This is also true of the ethics and the asceticism of the two systems. There is not a single point in Manichaeism which demands for its explanation an appeal to Buddhism.
An asceticism so strict and painful as that demanded by Manichaeism could only be practised by few; hence the religion must have abandoned all attempts at an extensive propaganda had it not conceded the principle of a twofold morality.
In the West the works of Augustine are the great repertory for information on the subject of Manichaeism (Contra epistolam Manichaei, quam vocant fundamenti; Contra Faustum Manichaeum; Contra Fortunatum; Contra Adimantum; Contra Secundinum; De actis cum Felice Manichaeo; De genesi c. Manichaeos; De natura boni; De duabus animabus; De utilitate credendi; De moribus eccl.
In this respect Manichaeism experienced the same kind of development as Neo-Platonism.
Their religion has points of connexion with old Iranian and Assyrian beliefs and traces of Manichaeism and Nestorianism.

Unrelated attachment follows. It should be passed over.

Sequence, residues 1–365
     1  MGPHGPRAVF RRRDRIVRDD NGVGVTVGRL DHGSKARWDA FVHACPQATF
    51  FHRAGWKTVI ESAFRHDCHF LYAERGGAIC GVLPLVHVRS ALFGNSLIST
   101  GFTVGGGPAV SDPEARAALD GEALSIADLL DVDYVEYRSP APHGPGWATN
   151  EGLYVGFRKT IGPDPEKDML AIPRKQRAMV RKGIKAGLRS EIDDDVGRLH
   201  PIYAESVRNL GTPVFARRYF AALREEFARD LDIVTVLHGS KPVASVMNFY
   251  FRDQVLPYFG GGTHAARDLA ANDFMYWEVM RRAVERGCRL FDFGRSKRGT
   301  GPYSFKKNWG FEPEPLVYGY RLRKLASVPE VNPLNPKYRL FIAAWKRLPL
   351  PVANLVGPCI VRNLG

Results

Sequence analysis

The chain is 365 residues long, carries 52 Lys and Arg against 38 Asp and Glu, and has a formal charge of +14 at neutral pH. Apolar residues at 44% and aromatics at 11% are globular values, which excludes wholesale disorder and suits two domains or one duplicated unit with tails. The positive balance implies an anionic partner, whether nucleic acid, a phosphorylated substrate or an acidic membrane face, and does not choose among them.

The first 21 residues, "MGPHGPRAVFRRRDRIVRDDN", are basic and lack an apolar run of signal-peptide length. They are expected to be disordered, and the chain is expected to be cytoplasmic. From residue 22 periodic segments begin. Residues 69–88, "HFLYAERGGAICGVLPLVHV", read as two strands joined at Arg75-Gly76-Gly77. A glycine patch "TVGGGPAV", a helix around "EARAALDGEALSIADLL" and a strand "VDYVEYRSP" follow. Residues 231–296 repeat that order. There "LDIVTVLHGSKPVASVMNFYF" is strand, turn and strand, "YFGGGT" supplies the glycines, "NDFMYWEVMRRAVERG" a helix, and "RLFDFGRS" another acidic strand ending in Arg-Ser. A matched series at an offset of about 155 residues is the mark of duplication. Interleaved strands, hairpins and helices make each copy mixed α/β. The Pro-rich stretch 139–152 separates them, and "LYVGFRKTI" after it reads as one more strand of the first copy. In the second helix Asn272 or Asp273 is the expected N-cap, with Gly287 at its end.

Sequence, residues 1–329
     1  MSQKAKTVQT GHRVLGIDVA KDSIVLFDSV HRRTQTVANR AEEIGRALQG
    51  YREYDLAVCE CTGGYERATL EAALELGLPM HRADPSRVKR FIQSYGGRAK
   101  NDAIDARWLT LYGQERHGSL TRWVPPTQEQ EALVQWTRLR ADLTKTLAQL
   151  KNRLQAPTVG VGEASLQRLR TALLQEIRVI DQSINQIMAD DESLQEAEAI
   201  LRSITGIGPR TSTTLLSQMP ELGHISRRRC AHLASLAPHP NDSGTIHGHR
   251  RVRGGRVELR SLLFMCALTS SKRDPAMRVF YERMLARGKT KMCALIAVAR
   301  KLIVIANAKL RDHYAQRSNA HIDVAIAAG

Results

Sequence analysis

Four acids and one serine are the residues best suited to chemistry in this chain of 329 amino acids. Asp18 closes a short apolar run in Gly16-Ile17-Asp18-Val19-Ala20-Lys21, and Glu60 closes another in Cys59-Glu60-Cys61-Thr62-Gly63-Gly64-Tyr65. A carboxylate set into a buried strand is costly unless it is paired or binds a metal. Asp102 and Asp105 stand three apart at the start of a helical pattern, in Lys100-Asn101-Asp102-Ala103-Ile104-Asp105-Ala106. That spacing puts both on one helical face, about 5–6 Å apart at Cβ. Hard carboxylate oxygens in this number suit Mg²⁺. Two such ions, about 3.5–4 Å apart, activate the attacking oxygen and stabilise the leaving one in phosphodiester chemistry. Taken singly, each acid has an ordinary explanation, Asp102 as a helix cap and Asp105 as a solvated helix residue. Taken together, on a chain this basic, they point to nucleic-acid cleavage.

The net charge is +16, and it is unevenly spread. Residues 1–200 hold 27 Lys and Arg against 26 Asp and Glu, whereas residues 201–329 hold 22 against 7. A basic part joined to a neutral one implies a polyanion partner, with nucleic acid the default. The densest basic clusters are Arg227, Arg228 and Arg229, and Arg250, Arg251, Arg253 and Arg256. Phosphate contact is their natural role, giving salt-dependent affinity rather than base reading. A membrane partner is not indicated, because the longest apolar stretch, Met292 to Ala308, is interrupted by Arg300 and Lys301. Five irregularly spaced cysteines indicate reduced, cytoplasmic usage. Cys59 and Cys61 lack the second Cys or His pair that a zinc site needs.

For Manichaeism is an attempt to weld the doctrine of the Gospel and the doctrine of Zoroaster Manlchae- into a uniform system, though naturally not without lam, an admixture of other elements, principally Babylonian and Gnostic. Mani, perhaps a Persian from Babylonia, is said to have made his first appearance as a teacher on the coronation day of Shapur I.
This old-world wisdom of the Hindus, a thousand years before our era, is worthily to be paralleled from the Manichaeism of about the year 400.
Thus the system, not indeed of Mani the Persian, but of Manichaeism as modified by Christian influences, accompanied the Catholic Church until the 13th century.
And if it has not been quite proved that so early as the 4th century the Priscillianists of Spain were influenced by Manichaeism, it is at least undoubted that the Paulicians and Bogomiles, as well as the Catharists and the Albigenses, are to be traced back to Manichaeism (and Marcionitism).
And it is interesting to observe how, e.g., St Augustine, though desperately combating the dualism of the Manichaeans, yet afterwards introduced a number of dualistic ideas into Christianity, which are distinguishable from those of Manichaeism only by a very keen eye, and even then with difficulty.